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The Court must consider the context of this suit under the Voting Rights Act in making a particularized determination of the extent of any privilege, balancing the need for obtaining the information with the impact on legislative sovereignty and the need to “insure that legislators are not distracted from or hindered in the performance of their legislative tasks.”  In undertaking this inquiry, the Court notes that many of the documents requested by the subpoenas and discovery requests involve communications with outside parties or are other documents that are considered public records under state law. Requiring production of those documents is not unduly burdensome or invasive of the legislative process. However, other categories of documents may require further scrutiny in balancing the competing interests. In addition, the protections of the attorney-client privilege and work product doctrine can also be claimed by the individual legislators, and those issues have not been addressed in detail as to the specific requests presented.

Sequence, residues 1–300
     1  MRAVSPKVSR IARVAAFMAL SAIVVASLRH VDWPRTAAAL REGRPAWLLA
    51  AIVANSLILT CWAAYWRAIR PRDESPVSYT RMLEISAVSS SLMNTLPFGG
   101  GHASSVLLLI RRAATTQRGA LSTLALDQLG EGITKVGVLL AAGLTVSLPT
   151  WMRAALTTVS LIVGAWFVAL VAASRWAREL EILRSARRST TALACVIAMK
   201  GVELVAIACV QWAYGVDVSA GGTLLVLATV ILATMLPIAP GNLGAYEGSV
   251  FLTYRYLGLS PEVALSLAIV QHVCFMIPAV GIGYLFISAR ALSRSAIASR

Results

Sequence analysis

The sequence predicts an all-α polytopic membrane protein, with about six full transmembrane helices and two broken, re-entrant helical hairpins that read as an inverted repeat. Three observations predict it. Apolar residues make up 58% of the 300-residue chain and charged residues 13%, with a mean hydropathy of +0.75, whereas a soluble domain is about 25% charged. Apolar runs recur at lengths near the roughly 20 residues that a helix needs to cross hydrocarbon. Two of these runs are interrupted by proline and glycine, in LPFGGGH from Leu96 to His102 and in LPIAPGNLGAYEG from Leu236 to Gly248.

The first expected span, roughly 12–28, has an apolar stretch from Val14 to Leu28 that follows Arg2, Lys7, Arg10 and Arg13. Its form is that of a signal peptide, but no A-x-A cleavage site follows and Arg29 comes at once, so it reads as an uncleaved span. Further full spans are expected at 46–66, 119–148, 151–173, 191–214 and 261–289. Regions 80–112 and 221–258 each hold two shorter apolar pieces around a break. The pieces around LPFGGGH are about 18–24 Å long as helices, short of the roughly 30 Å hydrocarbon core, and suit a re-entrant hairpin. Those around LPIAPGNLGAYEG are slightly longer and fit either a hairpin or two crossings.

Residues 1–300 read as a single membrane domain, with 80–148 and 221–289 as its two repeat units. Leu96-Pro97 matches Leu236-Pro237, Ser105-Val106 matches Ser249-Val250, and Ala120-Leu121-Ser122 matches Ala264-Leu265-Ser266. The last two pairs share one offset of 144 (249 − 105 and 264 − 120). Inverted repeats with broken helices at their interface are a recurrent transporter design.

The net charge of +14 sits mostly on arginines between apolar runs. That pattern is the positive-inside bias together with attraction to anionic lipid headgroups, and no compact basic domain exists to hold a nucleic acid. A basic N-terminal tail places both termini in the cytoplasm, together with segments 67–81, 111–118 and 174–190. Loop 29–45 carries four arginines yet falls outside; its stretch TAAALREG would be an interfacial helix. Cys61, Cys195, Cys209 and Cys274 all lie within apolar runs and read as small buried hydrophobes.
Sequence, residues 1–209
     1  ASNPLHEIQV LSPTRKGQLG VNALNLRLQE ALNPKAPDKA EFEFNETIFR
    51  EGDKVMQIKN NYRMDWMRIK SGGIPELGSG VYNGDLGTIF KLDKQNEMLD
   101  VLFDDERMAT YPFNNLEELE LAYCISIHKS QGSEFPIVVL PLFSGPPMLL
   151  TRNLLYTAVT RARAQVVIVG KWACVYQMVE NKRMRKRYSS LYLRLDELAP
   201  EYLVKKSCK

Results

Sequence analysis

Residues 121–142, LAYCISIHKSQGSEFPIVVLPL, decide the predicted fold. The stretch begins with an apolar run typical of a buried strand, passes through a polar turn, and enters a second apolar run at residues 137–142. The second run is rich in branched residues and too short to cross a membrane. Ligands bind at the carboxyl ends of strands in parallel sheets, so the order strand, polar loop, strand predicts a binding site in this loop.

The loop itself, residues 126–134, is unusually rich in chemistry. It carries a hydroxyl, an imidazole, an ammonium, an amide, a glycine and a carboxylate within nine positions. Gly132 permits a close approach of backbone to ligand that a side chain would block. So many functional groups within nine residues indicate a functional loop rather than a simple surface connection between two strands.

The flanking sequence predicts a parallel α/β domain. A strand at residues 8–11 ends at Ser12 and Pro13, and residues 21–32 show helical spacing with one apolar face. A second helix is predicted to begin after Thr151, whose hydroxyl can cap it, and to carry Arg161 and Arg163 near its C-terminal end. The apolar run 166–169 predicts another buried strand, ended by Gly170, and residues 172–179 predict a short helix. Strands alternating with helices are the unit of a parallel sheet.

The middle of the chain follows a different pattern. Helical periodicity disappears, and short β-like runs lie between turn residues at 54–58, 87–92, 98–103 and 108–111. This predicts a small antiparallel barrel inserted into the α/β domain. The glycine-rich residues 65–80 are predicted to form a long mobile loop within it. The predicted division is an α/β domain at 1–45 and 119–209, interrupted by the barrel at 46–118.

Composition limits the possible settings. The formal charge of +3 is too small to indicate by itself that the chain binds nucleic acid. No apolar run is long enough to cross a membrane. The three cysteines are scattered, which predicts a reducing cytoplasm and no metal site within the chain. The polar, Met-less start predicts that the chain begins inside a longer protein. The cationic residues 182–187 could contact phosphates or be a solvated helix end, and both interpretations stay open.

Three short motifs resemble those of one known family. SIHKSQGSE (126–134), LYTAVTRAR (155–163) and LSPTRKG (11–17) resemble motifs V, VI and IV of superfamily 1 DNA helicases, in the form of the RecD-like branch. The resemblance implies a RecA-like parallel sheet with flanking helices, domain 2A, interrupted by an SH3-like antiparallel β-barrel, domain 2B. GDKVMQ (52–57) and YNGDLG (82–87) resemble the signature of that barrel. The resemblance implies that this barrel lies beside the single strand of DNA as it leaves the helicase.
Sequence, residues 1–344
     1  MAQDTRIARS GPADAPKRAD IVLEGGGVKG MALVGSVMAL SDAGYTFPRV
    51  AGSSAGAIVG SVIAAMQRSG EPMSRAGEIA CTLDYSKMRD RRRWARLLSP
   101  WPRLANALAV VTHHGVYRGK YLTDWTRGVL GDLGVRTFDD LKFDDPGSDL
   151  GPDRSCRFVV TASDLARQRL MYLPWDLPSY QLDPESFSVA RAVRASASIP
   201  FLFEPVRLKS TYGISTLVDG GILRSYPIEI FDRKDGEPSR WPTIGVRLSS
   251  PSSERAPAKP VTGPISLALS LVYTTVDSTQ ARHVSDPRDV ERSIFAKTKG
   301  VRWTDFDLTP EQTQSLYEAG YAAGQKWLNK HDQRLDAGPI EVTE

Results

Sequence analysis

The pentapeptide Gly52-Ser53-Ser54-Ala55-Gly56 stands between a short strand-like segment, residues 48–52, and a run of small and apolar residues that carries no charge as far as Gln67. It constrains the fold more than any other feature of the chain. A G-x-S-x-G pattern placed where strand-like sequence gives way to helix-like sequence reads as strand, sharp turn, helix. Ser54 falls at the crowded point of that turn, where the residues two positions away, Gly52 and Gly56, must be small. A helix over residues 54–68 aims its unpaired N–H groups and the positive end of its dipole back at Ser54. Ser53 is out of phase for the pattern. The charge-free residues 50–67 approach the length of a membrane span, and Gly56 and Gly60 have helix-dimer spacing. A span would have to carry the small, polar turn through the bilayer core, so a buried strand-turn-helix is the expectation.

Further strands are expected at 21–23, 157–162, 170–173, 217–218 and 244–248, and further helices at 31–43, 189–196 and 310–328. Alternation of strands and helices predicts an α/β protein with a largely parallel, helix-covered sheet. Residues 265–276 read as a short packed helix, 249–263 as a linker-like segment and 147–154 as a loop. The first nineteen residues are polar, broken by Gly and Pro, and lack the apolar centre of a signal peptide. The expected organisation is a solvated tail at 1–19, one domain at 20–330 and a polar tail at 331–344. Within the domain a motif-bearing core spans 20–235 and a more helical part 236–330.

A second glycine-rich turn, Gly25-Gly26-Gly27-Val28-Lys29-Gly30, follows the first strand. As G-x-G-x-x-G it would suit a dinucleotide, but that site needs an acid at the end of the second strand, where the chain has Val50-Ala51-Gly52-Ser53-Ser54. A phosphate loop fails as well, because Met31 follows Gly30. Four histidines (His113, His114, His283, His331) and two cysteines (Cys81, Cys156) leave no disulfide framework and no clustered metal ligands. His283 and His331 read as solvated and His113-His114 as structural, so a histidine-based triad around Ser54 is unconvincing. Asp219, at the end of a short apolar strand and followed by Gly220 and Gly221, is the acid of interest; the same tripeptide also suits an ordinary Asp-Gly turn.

“Today’s ruling is good news for every North Carolinian who values integrity and transparency in our elections,” Chris Brook, legal director for the ACLU of North Carolina, added. “The public has a right to know how and why officials drafted legislation making it harder for North Carolinians to vote, and with today’s ruling, we can hopefully get to the bottom of those questions.”

Read more here about this chapter of the litigation pending in federal court in Winston-Salem.

Read the court’s full order here.

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PlaceMattersBTCThis blog post is part of a series called Place Matters. The other posts can be accessed here, here, and here.

The Voting Rights Act subjected 40 percent of North Carolina’s counties to the mandatory “pre-clearance” regulations of Section 5, requiring approval of the Department of Justice or the courts before electoral changes that might weaken the voting power of African American. The evisceration of this landmark legislation by the 2013 U.S. Supreme Court decision in Shelby County v. Holder—and subsequent the omission of North Carolina from the covered jurisdictions in newly introduced voting rights legislation—leaves racially excluded communities particularly vulnerable to political isolation and electoral powerlessness.

The UNC Center for Civil Rights’ State of Exclusion report looked at majority-minority North Carolina communities of color (over 75 percent) and measured a variety of factors impacting the quality of life for residents of those communities. The data with regard to political representation was telling, and emphasizes the need for expanding, rather than eliminating, effective policies measures to address the continuing legacy of discrimination in elections. Read More